And so what are the variables to consider if someone’s trying to figure out if they can hack it abroad with what they have in their accounts or what might they take into consideration moving forward with how they might build up something to lean back on, just when it comes to this very, very basic question of, “Do I have enough money to support this lifestyle?”
Amanda: I think… Yeah, my first word of advice sort of goes to traditional Boomer financial advice, which is:
Do you have a safety net of at least three months, I would say, to six months?
And obviously the way to achieve this is to stop buying avocado toast. So that’s the first move.
I would say that, yeah, to be able to look at it from a worst-case scenario sort of lens is the best way to prepare yourself, like in the event that I did lose my income, am I completely screwed or can I manage? And I think that’s the biggest consideration and the smartest way to plan it.
David: And so, okay, fair enough. So let’s say you have the funds. There’s also the question of, and this is another very basic kind of a hierarchy of needs issue, where are you gonna stay when you’re abroad? And I guess there are a few aspects to this.
The first is availability. Are there rooms? Are there beds available? And then the second would be safety. And I’ve stayed in my share of hostels on, I guess, three different continents, and I can definitely think of a few places that I’ve laid my head at night that I would not wanna be during the height of an international health crisis.
So when it comes to this question of where to stay, what should people be thinking about when it comes to keeping a roof over their heads?
Amanda: Well, I think at this point if someone’s thinking of leaving, the biggest question is, “If I’m trying to go somewhere, can I even get in?”
And I think another consideration is visas and just how long your nationality can stay in a place in the event that you can get in.
Because I know that a problem that a lot of people are having is expiring visas but also immigration offices are closed. A lot of them have no way to know if you know what the penalties will be if they overstay their visa or if there’s any sort of special process that they have to go through to renew it.
So that’s definitely… I would say the number one consideration of choosing a place to stay because you definitely don’t wanna mess with the visa situation of any place that you are. Definitely, safety is a huge one. That was a big part of my decision also. I feel really safe here in this city that I’m in and that was a huge consideration for my decision.
David: Alright. Last but not least and you just touched on it briefly but let’s dig into it a little more. That’s the topic of health and health considerations.
So questions like, if I get sick, do I have health coverage? Would I trust the health coverage? Could I communicate with the doctors? How are you approaching these sorts of questions and what are you seeing just kind of in the digital nomad world when it comes to this thing that’s very much top of mind for everybody right now?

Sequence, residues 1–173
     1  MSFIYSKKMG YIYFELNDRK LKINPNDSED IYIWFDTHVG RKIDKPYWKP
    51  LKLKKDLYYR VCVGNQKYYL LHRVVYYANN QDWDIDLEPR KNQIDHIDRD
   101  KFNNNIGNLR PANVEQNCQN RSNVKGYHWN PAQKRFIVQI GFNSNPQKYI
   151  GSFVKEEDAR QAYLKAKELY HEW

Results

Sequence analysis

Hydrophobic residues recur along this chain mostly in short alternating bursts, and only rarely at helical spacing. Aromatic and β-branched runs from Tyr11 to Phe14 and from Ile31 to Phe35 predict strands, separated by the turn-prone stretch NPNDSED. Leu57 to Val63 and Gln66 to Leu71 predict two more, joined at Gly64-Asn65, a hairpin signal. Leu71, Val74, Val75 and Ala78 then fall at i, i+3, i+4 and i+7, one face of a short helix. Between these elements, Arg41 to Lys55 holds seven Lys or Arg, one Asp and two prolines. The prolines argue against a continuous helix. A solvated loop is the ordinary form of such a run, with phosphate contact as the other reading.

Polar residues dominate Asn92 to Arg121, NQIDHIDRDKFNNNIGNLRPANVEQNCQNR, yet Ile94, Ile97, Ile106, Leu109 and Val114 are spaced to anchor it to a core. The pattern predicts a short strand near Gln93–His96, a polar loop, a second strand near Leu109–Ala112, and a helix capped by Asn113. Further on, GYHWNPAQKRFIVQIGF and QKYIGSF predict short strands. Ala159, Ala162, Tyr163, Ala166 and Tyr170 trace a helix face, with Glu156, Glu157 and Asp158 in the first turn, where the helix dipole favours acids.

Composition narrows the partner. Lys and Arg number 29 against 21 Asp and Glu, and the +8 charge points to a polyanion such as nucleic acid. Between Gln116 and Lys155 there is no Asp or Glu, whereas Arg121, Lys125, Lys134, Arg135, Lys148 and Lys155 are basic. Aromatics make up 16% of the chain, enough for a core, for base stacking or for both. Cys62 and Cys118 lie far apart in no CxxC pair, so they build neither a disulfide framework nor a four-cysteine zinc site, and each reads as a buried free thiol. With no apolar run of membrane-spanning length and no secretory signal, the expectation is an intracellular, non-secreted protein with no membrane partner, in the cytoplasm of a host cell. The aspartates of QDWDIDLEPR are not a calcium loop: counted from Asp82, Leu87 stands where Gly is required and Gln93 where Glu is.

Amanda: My approach is, again, just sort of feeling comfortable here and that’s what made my decision pretty easy.
The healthcare system in the city that I’m in is quite good. They’ve been building up for medical tourism for years now, so they have a lot of beds per capita and a lot of healthcare professionals. And I’ve actually been in and out of a few different medical facilities for various reasons since I’ve been here, and I’ve had really good experiences.
So I do have faith in the system here, and I also have health insurance, which historically is not something that I have done for myself. But I’m feeling pretty glad, I think that this something…
David: It’s a good time to do it.
Amanda: I’d done recently, it seems pretty timely. So I think that really being able to evaluate the medical costs, and I know that can be really difficult because you don’t necessarily know what you’re trying to evaluate.
But in a new country, you’ll just do the general cost of living, and do some research on what standard things cost in the healthcare system, which is, obviously, you have to be able to pay for the care in addition to get the care. So, I strongly encourage anybody who’s in a new place to look into their options for health insurance.
David: Would you be less willing to go to a place that has a dicey medical infrastructure, especially compared to where your head was at in 2018? Does what’s going on now change your calculation on what you would consider a viable place to set up shop for a little while to work?
Amanda: I think that that will definitely change. I don’t have any hard thoughts on it now because I think like most nomads I’m in a very day-to-day sort of mentality. But I do think that it will be a consideration moving forward.
And I think it’s just gonna be all about listening and watching and just hearing what these countries have to say about their own infrastructure, how welcome tourists are, trying to get as much information as I can, and just really trying to understand the impacts that it’s had.
David: And so, what is next for you? It seems like you’re not going anywhere immediately. But even looking over the horizon a little bit, if things go well, then hopefully, the health crisis gets resolved in the next, I don’t know, a few months. I think at this point, it’s kind of an optimistic viewpoint.
If there’s some semblance of normality by the fall of 2020, do you know what your next moves might be, or maybe the digital nomad life has taught you to kind of fly by the seat of your pants?
What’s the calculation moving forward? ‘Cause I know that it was a very deliberate, well-thought-out decision of if you wanted to go back to the States versus stay in Mexico, and you kind of had to figure out what the pros and cons of that were.